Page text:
Clashes rock Syria truce zone as regime air strikes rebel-held areas
:: Clashes erupted overnight in a rebel-held enclave outside Damascus, which was also hit by government air strikes despite a truce deal, a monitor said on Wednesday.
An internationally brokered ceasefire zone covering parts of Eastern Ghouta went into effect on Saturday.
The Syrian Observatory for Human Rights said the overnight fighting was the first in the enclave since the truce began.
Government troops clashed with fighters of the Faylaq al-Rahman rebel group in the Ain Tarma district, the Britain-based monitoring group said.
The fighting subsided by Wednesday morning but government warplanes then carried out strikes in the area.
Faylaq al-Rahman is allied with former Al-Qaeda affiliate Fateh al-Sham Front and the pro-government Al-Watan newspaper reported on Monday that it was excluded from the truce.
Government air strikes also hit the Utaya district of Eastern Ghouta, killing a girl and wounding seven other civilians, as well as the town of Zamalka, the Observatory said.
The new strikes came after two days of government air raids on the town of Arbeen in Eastern Ghouta, which killed 12 civilians, among them children.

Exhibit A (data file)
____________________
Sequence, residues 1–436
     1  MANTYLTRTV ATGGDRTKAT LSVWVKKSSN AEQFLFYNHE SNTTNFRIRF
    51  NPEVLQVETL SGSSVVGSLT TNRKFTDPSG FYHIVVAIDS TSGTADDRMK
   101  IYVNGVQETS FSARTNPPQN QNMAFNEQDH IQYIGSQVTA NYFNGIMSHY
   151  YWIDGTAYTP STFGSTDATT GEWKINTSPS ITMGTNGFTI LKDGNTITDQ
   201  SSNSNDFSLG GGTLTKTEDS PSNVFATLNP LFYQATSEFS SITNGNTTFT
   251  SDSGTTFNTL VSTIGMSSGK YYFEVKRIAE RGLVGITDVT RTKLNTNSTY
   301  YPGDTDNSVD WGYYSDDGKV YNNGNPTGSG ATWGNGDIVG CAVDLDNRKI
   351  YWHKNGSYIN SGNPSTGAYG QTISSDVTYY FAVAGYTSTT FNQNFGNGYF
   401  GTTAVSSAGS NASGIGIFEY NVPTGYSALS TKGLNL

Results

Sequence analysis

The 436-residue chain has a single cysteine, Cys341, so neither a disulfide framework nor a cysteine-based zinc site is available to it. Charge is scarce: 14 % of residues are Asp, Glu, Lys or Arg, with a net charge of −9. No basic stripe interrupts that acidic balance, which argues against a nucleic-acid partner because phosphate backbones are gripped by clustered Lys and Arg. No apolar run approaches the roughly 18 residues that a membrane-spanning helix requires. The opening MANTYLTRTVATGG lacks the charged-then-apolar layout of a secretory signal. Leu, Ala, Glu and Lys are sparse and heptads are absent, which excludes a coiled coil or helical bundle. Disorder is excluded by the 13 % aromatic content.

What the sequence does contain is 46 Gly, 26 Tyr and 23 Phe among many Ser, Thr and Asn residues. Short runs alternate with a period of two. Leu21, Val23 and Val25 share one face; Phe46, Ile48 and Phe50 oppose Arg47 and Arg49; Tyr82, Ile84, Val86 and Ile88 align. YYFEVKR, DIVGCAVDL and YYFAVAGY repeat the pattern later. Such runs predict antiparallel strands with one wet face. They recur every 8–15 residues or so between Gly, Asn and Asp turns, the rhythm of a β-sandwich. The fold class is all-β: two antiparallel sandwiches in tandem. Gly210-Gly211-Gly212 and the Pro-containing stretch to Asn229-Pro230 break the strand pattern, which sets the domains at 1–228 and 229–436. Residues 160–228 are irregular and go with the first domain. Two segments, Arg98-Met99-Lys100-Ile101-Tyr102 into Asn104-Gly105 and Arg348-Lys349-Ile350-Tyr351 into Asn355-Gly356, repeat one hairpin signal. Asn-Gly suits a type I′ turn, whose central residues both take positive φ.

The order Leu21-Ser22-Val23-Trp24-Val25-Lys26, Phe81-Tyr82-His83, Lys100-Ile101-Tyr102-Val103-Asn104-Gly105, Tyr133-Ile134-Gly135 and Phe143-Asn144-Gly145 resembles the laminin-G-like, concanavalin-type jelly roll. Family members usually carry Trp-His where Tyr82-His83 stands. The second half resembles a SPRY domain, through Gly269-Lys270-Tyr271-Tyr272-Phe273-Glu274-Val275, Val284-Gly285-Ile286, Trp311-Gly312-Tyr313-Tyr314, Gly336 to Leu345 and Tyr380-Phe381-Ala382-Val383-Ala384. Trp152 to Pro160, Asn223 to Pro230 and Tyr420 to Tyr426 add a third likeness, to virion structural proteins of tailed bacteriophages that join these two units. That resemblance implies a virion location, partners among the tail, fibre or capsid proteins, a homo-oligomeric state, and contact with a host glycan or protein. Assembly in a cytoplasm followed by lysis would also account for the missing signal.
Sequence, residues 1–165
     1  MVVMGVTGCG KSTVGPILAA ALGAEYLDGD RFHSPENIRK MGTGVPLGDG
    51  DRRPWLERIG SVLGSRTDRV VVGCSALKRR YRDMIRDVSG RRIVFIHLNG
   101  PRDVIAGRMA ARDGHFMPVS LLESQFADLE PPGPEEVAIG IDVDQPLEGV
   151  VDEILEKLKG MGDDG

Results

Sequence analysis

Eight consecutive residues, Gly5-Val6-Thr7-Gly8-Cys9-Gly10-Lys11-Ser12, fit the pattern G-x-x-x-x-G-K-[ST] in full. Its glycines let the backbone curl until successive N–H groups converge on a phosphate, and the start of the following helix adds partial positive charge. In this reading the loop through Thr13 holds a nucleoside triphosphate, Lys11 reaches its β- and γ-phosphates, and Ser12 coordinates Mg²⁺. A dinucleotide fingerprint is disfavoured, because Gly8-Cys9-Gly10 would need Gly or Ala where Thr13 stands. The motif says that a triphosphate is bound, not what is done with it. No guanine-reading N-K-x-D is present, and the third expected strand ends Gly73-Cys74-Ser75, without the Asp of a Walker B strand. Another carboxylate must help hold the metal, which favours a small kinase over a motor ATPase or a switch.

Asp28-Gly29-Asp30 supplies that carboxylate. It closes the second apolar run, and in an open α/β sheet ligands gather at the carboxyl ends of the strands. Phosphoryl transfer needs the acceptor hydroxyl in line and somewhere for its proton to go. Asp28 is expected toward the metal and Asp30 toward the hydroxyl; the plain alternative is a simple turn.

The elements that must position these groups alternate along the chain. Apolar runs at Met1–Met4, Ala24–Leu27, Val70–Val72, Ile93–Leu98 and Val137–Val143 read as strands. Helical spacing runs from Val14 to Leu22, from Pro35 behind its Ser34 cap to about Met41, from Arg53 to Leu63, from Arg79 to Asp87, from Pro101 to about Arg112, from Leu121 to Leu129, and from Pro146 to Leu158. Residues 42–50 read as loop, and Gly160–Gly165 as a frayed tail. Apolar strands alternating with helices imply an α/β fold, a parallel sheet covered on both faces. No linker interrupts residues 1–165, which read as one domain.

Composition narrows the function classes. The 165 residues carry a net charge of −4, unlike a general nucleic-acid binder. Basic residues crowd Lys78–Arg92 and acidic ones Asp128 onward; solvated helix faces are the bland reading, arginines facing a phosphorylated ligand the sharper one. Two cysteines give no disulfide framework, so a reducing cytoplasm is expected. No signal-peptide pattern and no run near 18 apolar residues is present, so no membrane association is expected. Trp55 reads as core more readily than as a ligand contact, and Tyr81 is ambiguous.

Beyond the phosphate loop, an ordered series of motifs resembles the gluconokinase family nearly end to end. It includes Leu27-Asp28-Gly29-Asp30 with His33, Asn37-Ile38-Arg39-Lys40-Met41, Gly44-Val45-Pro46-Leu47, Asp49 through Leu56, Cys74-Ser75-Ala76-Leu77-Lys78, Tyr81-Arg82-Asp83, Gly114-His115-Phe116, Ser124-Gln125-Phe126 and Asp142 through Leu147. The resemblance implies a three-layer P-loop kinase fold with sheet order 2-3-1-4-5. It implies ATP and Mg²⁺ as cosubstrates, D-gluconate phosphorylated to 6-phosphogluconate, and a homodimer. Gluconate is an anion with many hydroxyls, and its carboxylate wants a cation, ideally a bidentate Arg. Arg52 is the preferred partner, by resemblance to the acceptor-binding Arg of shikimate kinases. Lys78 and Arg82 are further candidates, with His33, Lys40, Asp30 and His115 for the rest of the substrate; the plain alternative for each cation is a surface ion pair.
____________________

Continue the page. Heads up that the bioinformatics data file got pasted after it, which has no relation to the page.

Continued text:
The so-called “de-escalation” zone deal, hammered out by government allies Russia and Iran and rebel backer Turkey in May, covers only part of Eastern Ghouta, a large region that is key opposition territory.
A map displayed at a Russian defence ministry briefing appeared to show that the areas hit late on Tuesday and on Wednesday were inside the ceasefire zone.
“The air strikes and the clashes are a violation of the truce,” Observatory director Rami Abdel Rahman said.
On Tuesday, a Russian military official denied that any air strikes had hit inside the ceasefire zone, which is being monitored in part by Russian police.
The Russian defence ministry map appears to show at least part of Arbin may be excluded from the truce zone.
Eastern Ghouta is the second of four proposed ceasefire zones to be implemented, after parts of the southern provinces of Daraa, Sweida and Quneitra.
More than 330,000 people have been killed in Syria since the conflict began with anti-government protests in March 2011.